Graphics Card

AUTHOR : Berleburg
PUBLISHED : 2019-09-20 13:25

AMD Guide: The Best AMD GPU Money Can Buy


AMD Navi has arrived and it surely has claimed its share of today’s GPU market. The reception of these has overall been applauded with positive comments and reviews. However, despite of AMD taking the fight to Nvidia’s doorstep, they still haven’t been able to overthrow Nvidia’s GeForce RTX 2080 Ti. Still, there are many AMD-based graphics cards that pack a punch and allow you to squeeze the most out of even the most demanding triple A titles.

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Over the years, AMD has established themselves significantly on the budget to mid-tier markets, and they continue this fine trend with their newest installments, the AMD Radeon RX 5700 and RX 5700 XT. At the same time, they even manage to raise the performance level considerably. If you’re on the lookout for a good GPU that doesn’t cost a fortune, AMD is an obvious candidate - especially if you are sitting on a 1440p or 1080p display.

We’ve gathered all of the best graphics cards from Team Red, and listed them below. This way, you will be able to get a good overview of the GPU offerings from AMD.

AMD Radeon RX 5700

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Stream processors: 2.304, Core Clock: 1.465 MHz (1.725 MHz boost), Memory: 8 GB GDDR6 | Memory frequency: 14 Gbps, Power connector(s): 1 x 8-pin og 1 x 6-pin, Connectivity: 1 x DisplayPort 1.4 with DSC, 1 x HDMI with 4K60 Support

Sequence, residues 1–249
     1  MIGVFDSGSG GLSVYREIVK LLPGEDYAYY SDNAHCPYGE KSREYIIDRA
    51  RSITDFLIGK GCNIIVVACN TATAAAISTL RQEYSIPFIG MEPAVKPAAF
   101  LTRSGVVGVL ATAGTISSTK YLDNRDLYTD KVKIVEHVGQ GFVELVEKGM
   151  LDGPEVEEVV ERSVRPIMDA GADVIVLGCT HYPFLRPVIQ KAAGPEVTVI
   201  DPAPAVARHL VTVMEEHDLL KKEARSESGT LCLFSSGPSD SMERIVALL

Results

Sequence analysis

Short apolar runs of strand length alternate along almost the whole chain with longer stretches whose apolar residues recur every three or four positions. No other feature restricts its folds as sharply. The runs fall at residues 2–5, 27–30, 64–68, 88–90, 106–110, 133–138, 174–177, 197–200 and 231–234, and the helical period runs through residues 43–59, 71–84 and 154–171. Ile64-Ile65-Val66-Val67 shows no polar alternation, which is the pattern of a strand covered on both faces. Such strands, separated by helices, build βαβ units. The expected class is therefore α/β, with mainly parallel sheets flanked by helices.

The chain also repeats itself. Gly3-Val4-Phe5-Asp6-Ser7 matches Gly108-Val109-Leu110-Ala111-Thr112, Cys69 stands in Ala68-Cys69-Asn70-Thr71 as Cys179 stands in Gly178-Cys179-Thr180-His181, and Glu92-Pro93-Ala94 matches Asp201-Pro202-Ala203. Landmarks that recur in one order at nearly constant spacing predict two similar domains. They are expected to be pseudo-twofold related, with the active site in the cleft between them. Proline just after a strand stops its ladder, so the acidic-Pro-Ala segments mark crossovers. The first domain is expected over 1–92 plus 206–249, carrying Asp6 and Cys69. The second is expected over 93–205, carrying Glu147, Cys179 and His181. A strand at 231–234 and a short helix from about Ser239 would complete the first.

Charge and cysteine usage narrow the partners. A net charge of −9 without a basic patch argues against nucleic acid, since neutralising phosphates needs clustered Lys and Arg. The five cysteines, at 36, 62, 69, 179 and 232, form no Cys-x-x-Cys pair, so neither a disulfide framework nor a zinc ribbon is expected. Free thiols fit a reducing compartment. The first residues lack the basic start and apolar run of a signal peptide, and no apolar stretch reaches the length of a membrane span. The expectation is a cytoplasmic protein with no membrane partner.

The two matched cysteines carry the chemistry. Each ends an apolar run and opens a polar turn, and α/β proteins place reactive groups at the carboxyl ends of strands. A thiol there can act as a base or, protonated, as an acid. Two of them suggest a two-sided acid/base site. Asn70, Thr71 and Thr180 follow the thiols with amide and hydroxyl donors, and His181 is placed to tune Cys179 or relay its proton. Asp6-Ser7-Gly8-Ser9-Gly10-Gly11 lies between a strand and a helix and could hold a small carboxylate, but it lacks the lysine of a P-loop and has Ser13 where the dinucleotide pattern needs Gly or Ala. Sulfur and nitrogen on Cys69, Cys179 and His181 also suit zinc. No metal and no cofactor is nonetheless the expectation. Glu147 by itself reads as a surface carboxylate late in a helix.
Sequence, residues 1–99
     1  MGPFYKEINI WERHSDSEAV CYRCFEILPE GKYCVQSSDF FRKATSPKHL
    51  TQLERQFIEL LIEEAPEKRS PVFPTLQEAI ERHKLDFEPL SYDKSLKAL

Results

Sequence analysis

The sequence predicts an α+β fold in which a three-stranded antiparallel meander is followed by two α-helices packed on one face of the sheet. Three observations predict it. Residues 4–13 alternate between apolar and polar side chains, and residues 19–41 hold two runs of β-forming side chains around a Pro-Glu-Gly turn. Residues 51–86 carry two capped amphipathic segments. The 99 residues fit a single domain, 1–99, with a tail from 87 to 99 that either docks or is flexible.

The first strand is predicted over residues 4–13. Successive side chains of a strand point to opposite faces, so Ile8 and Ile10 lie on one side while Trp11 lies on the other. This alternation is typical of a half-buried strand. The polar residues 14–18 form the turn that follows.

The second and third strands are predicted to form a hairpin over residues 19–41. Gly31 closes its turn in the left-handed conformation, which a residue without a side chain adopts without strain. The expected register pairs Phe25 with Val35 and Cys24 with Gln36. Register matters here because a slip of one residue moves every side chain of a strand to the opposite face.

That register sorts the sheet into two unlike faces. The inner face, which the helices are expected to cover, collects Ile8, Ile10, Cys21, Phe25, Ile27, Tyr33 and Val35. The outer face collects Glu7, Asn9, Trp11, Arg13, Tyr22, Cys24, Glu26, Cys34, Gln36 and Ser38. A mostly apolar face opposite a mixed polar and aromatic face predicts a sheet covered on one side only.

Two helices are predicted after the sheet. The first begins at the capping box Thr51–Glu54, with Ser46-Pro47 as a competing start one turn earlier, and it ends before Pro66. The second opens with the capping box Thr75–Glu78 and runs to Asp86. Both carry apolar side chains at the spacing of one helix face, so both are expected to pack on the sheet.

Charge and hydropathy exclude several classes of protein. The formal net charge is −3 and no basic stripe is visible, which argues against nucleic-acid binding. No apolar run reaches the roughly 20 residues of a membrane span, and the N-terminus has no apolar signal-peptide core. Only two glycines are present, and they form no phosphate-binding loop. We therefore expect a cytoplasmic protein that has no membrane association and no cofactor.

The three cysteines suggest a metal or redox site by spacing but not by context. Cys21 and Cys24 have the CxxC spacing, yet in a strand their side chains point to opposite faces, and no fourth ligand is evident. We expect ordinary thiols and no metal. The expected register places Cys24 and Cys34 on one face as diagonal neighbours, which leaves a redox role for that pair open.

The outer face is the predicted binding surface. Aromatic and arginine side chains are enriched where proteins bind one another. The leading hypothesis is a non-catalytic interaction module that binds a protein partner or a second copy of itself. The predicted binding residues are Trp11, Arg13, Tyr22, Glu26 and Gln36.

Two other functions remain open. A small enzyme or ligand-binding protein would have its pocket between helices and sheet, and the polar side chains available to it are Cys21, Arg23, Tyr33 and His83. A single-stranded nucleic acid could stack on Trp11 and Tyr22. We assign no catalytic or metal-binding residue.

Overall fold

From our AMD Radeon RX 5700 review:

The RX 5700 has proven to be a really good entry-level card that is capable of matching even an RTX 2060. So it’s definitely a card that is worth considering, if you are so inclined. The performance was very satisfying, especially when considering what it is intended for. Add to that the use of a 7 nm chip die, which gives a wonderful power efficiency and the PCIe Gen. 4 architecture, as well as everything that the RDNA architecture has to offer.

Pros:

  • Fine performance in relation to power draw

  • Fine MSRP

  • PCIe Gen. 4 technology

  • RDNA and all that it brings with it

  • The cooler does a good job

  • The card overclocked reasonably

Cons:

  • The design is a bit plain

  • Lack of ray tracing

  • The air intake is choked down a bit compared to the XT version


AMD Radeon RX 590

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Stream processors: 2.304, Core Clock: 1.469 MHz (1.545 MHz boost), Memory: 8 GB GDDR5, Memory frequency: 8 Gbps, Power connector(s): 1 x 8-pin 1 x 6-pin, Connectivity: 2 x DisplayPort 1.4, 2 x HDMI 2.0, 1 x DVI

From our PowerColor Red Devil Radeon RX 590 8 GB review:

First and foremost, let’s talk about the build quality. PowerColor has put together a really solid card. The front cover is made in plastic onto which a metal frame has been installed. This makes the card feel solid and of high quality. They’ve made use of a sapphire black PCB and high-quality 60 amp power phases, which both looks great, but also makes the card very stable. The cooling solution consists of a large heat sink that covers the entire length of the PCB and it touches the GPU chip directly. The heat sink is nickel plated, which makes it look very appealing. All in all, it’s a very nice card, despite the fact that the card sports the worn-out red/black color scheme. This inherently limits your aesthetical options since a more neutral design with RGBs would be easier to fit into one’s build. Also, I wonder why they’ve decided to keep the DVI connector instead of making room for a USB 3.1 connector now that the card is specified as VR Ready.

Pros:

  • Solid card with high build quality

  • Metal frame adds to the overall sense of quality